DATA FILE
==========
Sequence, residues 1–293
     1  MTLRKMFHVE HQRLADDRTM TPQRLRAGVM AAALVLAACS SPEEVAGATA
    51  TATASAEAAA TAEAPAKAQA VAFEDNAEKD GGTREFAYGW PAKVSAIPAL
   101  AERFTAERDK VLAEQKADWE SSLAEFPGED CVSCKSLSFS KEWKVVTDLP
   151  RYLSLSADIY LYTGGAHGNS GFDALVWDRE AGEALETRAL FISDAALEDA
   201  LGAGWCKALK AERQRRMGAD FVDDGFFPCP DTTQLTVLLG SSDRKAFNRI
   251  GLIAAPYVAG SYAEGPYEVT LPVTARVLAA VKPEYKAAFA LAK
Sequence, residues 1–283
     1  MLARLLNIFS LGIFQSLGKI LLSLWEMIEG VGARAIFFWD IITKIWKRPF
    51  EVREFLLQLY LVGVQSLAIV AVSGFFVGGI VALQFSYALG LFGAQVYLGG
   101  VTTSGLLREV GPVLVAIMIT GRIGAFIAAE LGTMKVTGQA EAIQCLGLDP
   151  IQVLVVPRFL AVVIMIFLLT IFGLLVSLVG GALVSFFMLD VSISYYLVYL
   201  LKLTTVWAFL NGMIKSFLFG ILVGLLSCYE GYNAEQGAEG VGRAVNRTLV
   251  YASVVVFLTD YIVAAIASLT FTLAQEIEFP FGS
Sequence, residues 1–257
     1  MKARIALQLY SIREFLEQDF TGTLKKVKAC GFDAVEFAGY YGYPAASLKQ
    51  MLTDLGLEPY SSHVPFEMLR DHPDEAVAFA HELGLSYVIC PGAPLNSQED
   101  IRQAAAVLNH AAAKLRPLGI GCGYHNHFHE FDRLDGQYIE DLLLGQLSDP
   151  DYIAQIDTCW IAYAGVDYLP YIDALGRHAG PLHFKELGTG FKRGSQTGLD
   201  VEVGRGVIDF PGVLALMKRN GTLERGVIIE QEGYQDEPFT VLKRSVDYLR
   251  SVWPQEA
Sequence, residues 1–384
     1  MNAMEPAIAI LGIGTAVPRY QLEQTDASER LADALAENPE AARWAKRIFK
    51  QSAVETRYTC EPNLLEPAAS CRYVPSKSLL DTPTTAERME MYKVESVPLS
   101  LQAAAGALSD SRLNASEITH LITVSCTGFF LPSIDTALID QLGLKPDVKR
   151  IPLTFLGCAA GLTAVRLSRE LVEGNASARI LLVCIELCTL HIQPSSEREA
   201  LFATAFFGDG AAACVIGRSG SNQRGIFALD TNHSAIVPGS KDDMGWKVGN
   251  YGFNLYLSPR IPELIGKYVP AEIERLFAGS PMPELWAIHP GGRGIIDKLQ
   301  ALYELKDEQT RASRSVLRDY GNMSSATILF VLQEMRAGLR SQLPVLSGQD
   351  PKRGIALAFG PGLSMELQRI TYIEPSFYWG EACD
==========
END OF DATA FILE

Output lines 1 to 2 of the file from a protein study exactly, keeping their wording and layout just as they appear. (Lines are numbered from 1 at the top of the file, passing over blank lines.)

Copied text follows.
Sequence, residues 1–293
     1  MTLRKMFHVE HQRLADDRTM TPQRLRAGVM AAALVLAACS SPEEVAGATA